Some in the clergy cringe at the mere mention of psychology. They shouldn’t. The word originates in the Greek, and ‘psych’ translates as ‘soul’ and suffix ‘logy” or ‘logos’ translates as premise, discourse, or opinion. ‘Discourse of the soul’ is shared territory for pastors and psychologists alike. It’s the same turf.
Clergy moves in these arenas just as ably the behavioralists. Perhaps even more so, for a fire burns in the souls of pastors and lay leaders alike, a fire unrestrained by limits of reason, hypothesis, or the scientific method.
Clergy should know that wisdoms lay on the other side, answers that address the ordinary, irksome issues that confront faith professionals almost daily. The writers share their own stories. They share how added skills in communication, sensitivity, and emotional intelligence worked for them; how they’ve shed administrative weights. They’ve separated the wheat from the chaff for us, and, in doing so, served the readers with a rich menu of ideas. They offer an approachable, understandable frame of reference that serves the cause of our faith without undermining any of the orthodoxy in its mission. Please, check it out. — Mark Sellers, founder, New Covenant Soul Care
When I read the title of one chapter, ‘Religious Organizations are not Families’, I was instantly sold on this book. It is a much needed resource at a time when emotional intelligence is crucial to the success of any leader and any congregation. — Greg Rickel, Bishop of the diocese of Olympia
‘If you will not take too much time, I will wait for you the rest of my life.’ Every year or so, something comes along that I feel I have been waiting for a long, long while. This describes perfectly the impact on me of Emotional Intelligence for Religious Leaders by John Lee West, Roy M. Oswald, and Nadyne Guzmán. These three authors, through their intellect, their honesty and openness about their own journeys and clarity of presentation have provided a personal ‘GPS’ for all who want to understand and move toward effective and human leadership within any and all religious systems. By focusing on six basic traits within the EQ Model, they have created a road map to Emotional Intelligence that is both manageable and usable.No longer can anyone say, ‘If only I had known about this earlier in my career.’ As the Chinese proverb says: ‘The best time to plant a tree was 20 years ago. The second-best time is NOW!’— C. Waite Maclin, chair, The Center for Emotional Intelligence and Human Relations Training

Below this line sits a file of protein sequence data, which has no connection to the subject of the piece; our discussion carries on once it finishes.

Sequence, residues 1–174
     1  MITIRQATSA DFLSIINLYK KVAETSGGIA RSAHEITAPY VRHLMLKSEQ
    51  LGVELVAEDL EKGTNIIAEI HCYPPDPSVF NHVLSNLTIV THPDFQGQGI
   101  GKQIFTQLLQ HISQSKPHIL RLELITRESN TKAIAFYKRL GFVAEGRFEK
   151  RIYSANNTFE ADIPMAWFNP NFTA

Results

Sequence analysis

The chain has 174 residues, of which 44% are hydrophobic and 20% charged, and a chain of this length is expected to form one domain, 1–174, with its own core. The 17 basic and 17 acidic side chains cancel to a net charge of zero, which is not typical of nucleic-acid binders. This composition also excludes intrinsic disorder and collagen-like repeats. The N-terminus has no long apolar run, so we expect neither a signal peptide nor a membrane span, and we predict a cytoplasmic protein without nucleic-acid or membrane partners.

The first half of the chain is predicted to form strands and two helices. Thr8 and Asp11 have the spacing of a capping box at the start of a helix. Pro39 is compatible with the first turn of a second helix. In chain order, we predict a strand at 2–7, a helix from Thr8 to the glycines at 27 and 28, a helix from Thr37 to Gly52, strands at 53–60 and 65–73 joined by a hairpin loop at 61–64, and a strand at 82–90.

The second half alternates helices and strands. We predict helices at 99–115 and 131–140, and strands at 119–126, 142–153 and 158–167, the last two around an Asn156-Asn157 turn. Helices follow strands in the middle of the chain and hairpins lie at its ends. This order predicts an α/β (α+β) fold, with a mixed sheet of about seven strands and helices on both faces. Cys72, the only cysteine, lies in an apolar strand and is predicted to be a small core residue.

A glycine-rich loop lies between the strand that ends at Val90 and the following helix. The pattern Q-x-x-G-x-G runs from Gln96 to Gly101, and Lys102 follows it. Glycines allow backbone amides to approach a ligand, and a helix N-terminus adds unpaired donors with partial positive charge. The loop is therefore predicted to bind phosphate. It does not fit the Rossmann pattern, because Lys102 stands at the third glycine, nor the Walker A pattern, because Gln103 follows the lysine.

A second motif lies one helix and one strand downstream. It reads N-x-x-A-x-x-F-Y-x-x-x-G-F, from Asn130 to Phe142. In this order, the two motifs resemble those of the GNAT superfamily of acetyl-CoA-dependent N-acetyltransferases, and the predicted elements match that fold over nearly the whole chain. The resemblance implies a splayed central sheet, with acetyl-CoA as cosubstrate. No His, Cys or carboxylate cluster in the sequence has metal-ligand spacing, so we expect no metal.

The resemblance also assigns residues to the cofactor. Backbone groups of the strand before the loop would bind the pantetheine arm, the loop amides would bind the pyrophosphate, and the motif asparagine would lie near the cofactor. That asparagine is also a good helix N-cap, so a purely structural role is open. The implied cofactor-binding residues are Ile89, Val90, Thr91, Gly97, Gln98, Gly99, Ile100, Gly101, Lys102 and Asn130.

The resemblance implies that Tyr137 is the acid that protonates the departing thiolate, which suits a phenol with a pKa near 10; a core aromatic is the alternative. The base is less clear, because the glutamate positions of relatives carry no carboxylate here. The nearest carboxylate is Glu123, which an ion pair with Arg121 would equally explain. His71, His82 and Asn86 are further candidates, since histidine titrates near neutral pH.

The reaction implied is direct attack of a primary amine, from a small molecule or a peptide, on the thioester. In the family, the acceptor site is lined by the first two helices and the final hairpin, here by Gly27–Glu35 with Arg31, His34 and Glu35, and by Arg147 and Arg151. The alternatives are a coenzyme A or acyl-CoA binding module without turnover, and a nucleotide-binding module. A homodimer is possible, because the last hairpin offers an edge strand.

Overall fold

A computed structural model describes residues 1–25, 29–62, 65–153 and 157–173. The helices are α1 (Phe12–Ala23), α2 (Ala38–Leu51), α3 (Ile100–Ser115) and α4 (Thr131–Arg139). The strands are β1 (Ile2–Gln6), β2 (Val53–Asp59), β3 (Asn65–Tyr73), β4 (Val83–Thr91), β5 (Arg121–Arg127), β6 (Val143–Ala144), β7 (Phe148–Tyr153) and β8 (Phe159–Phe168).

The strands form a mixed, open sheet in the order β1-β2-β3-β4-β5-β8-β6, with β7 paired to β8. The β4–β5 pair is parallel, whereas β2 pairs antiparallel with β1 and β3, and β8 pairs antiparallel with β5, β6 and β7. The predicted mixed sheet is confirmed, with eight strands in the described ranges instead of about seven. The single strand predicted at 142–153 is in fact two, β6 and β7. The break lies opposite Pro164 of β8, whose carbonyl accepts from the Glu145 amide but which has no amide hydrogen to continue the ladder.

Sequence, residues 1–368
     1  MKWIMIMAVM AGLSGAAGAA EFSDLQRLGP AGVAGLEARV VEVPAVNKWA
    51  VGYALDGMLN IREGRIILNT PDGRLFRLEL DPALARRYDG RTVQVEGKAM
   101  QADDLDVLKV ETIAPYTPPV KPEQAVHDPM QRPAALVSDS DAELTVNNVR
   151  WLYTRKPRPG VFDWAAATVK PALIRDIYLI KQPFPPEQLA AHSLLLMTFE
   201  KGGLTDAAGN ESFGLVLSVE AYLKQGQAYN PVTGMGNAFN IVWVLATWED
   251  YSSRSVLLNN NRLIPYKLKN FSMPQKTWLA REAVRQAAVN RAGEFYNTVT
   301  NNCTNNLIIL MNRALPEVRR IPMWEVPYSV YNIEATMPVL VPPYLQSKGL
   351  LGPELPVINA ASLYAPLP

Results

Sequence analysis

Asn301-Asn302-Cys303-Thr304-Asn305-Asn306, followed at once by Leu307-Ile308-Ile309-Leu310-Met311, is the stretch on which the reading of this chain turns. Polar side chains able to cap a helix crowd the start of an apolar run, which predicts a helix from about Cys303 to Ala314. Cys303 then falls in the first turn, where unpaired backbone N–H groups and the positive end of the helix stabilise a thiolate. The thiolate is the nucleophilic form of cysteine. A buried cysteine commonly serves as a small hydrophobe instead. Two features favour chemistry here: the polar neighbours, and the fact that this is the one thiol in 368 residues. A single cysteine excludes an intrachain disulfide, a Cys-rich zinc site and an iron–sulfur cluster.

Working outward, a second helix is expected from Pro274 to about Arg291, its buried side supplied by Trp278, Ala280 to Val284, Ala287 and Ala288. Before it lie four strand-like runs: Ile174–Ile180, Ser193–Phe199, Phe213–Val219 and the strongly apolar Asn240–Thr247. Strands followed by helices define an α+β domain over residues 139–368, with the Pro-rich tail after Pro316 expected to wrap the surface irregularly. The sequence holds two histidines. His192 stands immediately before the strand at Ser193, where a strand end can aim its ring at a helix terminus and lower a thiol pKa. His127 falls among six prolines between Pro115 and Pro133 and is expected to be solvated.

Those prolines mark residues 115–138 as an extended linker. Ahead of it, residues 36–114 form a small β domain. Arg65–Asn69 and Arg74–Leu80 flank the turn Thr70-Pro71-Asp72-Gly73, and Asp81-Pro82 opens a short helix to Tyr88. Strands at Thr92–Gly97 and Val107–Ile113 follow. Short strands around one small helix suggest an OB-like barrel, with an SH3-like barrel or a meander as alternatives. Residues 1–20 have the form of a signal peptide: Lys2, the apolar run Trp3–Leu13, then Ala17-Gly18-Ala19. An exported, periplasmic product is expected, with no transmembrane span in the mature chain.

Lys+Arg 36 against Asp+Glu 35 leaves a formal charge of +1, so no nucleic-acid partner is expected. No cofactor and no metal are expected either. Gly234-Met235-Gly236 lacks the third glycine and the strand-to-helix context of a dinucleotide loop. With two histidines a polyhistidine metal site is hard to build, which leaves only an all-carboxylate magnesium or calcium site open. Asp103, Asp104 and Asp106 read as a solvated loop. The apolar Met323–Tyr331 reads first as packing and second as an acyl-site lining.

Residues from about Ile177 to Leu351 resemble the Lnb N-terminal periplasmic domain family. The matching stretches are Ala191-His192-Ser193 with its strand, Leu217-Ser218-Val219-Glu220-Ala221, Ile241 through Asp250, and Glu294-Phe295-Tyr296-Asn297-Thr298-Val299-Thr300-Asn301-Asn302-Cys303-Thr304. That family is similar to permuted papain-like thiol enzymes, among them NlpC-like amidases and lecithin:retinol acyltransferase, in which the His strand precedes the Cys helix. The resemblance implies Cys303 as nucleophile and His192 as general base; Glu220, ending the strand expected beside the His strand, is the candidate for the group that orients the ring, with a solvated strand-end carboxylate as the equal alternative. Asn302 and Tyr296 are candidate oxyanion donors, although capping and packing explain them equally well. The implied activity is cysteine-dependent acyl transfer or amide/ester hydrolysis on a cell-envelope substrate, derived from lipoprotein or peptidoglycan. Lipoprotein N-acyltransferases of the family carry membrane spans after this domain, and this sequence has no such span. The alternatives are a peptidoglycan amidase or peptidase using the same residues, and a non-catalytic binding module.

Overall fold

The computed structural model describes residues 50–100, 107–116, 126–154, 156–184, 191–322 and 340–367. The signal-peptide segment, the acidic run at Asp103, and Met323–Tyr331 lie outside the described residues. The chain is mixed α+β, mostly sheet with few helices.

One only needs to read the highlights of the latest religious news to know the tremendous importance for just not religious leaders, but boards and leadership teams of religious groups, to understand, learn, and apply the information in this wonderful book on Emotional Intelligence (EQ). From the Catholic Church's relatively recent focus on affective maturity in the formation of priests to the burn-out of Protestant megachurch leaders, the clear message is right dogma, proclamation skills, and business acumen are not enough. EQ is also required for not only effective but sustainable ministry. The book's layout of progressive steps in developing EQ will be an excellent journey for those who have the courage to truly look behind the "false self" to develop their EQ for leadership, and as noted in chapter nine, to see how deeply these steps tie into one's own spirituality. I heard the ring of truth throughout this book and realized part of this ringing is from knowing and working with one of the authors, Dr. John West. His life is one of authentic EQ in his life and work with others.— Harvey Payne, Divine Mercy University
As a faith leader pastoring a congregation I cannot think of more important work than what is offered by West, Oswald, and Guzman. This books ability to articulate what Emotional intelligence is while also providing a framework for engaging and strengthening one’s own Emotional Intelligence (EQ) should be required reading for all religious leaders, lay, and clergy.— Corbin Tobey-Davis, Parkview Congregational Church UCC
Filled with stories and examples that illustrate key concepts in action
- Offers practical insights on developing the key traits needed for emotional intelligence in ministry: emotional self-awareness, empathy, organizational awareness, influence, conflict management, resilience, and emotional self-control
- Addresses religious leaders of all kinds, including ordained ministers, spiritual directors, chaplains, pastoral counselors, and lay leaders actively involved in the lives of their congregations